Cúper then coached the UAE’s Al Wasl for a season but was sacked after an abysmal campaign that saw the club narrowly escape relegation.
Just when it appears that Cúper’s coaching career is over, he’s somehow found a new suitor, being handed the reigns of what is arguably Africa’s most storied national team.
Is Cúper destined to fail with Egypt too? One can’t see the future, but short of a miraculous turnaround from an atrocious 12 years, the best Egypt fans can hope for is that he fails early enough to be let go before it’s too late for the team to qualify for the 2018 World Cup, and that the cost-effective Egyptian that supplants him turns out to be competent. Such a scenario would resemble 2004-2005, when Egyptian coaching icon Hassan Shehata excelled after taking over for Italian Marco Tardelli and his torrid spell in charge of the Pharaohs.
If you’re going to be exceedingly frugal with coaching salaries, why not at least do some homework and go after a younger, up-and-coming prospect? However unlikely it may be, you at least then afford yourself a chance to find a diamond in the rough and win. Isn’t that better than spending the same money on somebody that has consistently failed for 12 years? Isn’t the factor of the unknown a more worthwhile risk than almost certain failure? There’s irony in the fact that the EFA is choosing to throw away money in order to save money.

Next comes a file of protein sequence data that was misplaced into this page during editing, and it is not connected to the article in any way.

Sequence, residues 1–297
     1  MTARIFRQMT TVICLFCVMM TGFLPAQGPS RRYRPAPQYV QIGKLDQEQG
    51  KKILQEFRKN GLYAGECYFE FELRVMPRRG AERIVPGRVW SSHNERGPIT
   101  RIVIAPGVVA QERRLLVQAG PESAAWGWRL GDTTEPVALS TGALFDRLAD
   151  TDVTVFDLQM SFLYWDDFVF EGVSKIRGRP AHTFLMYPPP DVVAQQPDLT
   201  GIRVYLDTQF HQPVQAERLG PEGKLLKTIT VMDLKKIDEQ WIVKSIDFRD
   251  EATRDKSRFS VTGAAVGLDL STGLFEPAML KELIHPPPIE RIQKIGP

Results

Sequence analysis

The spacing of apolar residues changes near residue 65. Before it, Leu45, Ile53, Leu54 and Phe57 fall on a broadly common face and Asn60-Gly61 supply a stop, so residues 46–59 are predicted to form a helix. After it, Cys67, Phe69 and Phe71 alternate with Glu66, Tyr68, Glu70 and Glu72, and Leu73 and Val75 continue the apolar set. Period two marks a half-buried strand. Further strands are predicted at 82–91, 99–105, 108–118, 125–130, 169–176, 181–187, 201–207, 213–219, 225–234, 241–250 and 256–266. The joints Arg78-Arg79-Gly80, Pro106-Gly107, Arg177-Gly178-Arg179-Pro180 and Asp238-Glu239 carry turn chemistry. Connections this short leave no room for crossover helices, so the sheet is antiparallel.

In a way, the EFA and Cúper are a sensible match… they’re two peas in a pod of mediocrity. One seeks it, the other has it. Cúper is simply the latest in a line of foreign place-holders for a football association whose top priority is money. Where “winning” ranks on that list of priorities, as with the whereabouts of the hundreds of thousands of dollars the EFA saves from hires like this, is anyone’s guess.